Brian Borcherdt started D-Pression Records in 1994 so his Yarmouth band, Burnt Black, could put a logo on its debut cassette Happy. He smartly changed the melodramatic name to the more legitimate-sounding Dependent Music and put out albums by Burnt Black and Christopher Robin Device, two seminal Nova Scotia bands noteworthy for their emotional, hard-driving sound, the polar opposite of the peppy indie-rock of contemporaries like Thrush Hermit or Sloan. Yarmouth rock outfit Kary joined the fold in 2000, and by 2004 Dependent had released records by Halifax acoustic rock upstarts Wintersleep, folk quartet Heavy Meadows, hardcore unit Contrived and jazz-tinged siren Jill Barber, along with Toronto side projects Junior Blue, Extra Virgin (aka Jose Contreras of By Divine Right, in which Borcherdt played guitar) and Holy Fuck,
plus Borcherdt's lush, terrific solo debut.

Family Affairs
Dependent (DP for short) considers itself a collective, not a label; its bands are family, not signees. Artists' specific skills — web designer, graphic artist, Rolodex stuffed with bookers' numbers from across the country — are utilised to help any Dependent band that needs it: I'll make your website if you design my record cover; I'll donate part of my take from this sold-out show so you can get your album pressed; I'll take your band across the country with mine.

For Borcherdt, who's just returned to Yarmouth after a few years as Dependent's satellite Toronto office, the model makes common sense, artistically and financially. "It's allowed us to grow slowly with the fan base and with our growing knowledge of music and how we make music," he says. "It's allowed us to grow without official rules."

Slow and Steady
In 2003, Dependent secured a deal with Canadian distributor Outside Music, where Borcherdt worked, as many musicians do, through the first chunk of his Toronto stint.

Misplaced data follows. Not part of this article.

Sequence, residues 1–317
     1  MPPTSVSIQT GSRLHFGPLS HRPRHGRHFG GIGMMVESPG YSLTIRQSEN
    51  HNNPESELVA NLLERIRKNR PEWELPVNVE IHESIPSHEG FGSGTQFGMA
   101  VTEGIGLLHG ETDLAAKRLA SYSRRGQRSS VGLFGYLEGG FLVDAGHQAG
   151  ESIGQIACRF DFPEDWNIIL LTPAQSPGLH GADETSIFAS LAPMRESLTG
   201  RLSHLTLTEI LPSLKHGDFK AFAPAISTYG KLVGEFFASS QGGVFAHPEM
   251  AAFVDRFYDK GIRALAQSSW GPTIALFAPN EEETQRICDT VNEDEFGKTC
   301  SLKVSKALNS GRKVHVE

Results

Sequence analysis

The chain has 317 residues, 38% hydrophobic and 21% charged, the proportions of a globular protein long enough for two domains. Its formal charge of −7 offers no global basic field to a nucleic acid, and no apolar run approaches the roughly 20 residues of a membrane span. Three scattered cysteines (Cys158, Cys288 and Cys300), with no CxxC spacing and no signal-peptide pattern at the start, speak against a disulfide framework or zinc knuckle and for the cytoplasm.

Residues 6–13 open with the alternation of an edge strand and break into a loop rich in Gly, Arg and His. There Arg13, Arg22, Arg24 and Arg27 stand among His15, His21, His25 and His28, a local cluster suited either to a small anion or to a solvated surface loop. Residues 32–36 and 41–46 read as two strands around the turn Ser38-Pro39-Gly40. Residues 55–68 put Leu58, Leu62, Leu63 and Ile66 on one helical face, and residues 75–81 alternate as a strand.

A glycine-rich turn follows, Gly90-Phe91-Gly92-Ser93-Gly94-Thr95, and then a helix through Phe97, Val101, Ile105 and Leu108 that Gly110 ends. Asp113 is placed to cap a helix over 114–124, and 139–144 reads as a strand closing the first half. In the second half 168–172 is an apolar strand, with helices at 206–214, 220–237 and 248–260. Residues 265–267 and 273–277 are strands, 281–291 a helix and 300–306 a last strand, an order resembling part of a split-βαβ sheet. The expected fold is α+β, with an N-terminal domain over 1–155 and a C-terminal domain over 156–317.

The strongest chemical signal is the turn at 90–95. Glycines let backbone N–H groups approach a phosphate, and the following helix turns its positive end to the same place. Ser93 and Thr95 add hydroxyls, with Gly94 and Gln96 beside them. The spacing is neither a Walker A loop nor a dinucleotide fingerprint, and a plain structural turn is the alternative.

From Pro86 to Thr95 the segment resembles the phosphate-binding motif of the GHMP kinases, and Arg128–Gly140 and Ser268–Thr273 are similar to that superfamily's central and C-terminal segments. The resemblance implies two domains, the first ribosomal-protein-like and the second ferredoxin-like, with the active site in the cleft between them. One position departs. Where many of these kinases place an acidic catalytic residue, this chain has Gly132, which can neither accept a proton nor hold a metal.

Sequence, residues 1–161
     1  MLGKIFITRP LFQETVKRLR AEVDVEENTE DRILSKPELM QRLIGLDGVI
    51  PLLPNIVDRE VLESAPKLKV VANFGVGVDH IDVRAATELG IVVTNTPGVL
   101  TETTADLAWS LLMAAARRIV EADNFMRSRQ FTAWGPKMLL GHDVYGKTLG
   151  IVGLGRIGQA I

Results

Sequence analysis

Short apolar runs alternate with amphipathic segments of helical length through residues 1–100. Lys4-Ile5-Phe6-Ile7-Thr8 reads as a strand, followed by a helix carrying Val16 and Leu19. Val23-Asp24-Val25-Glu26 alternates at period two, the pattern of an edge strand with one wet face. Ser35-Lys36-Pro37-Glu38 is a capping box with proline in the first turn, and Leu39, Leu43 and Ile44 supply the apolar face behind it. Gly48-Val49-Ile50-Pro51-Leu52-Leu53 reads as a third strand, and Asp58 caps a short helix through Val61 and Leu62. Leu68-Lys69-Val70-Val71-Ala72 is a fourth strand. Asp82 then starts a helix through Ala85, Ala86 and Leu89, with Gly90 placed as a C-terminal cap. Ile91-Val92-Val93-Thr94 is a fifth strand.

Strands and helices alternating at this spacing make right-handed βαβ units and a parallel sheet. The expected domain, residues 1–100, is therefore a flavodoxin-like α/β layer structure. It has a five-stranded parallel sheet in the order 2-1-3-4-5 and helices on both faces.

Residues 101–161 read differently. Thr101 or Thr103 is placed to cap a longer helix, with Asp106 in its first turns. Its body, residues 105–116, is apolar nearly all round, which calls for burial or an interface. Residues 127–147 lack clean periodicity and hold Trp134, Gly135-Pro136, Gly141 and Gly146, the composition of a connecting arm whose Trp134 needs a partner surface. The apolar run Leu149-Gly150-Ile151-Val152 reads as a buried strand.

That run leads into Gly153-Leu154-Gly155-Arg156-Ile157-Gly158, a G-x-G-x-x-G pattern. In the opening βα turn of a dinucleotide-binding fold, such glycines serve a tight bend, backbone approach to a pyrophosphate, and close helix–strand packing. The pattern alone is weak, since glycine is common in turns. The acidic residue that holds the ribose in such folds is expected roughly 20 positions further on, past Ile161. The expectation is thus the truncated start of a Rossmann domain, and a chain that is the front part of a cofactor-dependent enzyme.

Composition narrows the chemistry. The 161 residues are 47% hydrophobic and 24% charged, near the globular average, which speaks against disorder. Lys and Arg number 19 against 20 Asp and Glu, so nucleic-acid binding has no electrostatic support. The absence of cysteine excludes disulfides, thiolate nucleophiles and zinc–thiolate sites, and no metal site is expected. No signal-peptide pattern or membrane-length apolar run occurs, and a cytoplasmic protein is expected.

"I used to work in the warehouse but I never once solicited their help or approached them," he says. "But you get to be that guy who unpacks all those returns, and cut your fingers ripping the stickers off. You see a very realistic view of the retail side of things. And I knew DP wasn't in a stage to deal with that. You don't wanna get distro too early because you have to ask yourself, ‘Who the fuck's going to buy my record?'"

The collective is comprised of close friends and band-mates: Wintersleep, Kary, Contrived and Borcherdt's backing band all share or have shared members. They add new artists rarely, and only after much discussion and consideration. "It has to be something we're involved with or close to in our own lives," says Borcherdt. "It wouldn't seem honest to work with some band in New York just because we think they're going to be the next big thing."

But keep sending those demos; at its root, Dependent is about community, and Borcherdt is always eager to extend it as far as it can go. "I love new music that's free and arrives in my mailbox," he says. "But I usually just let them know that there's an opportunity to help them by maybe getting them shows. And then they can help us get shows. We're really just trying as well, we're starving like everybody else. The more packages that end up in my mailbox, the better. I can learn about what other people are doing. It's just about building a community outside of your immediate area."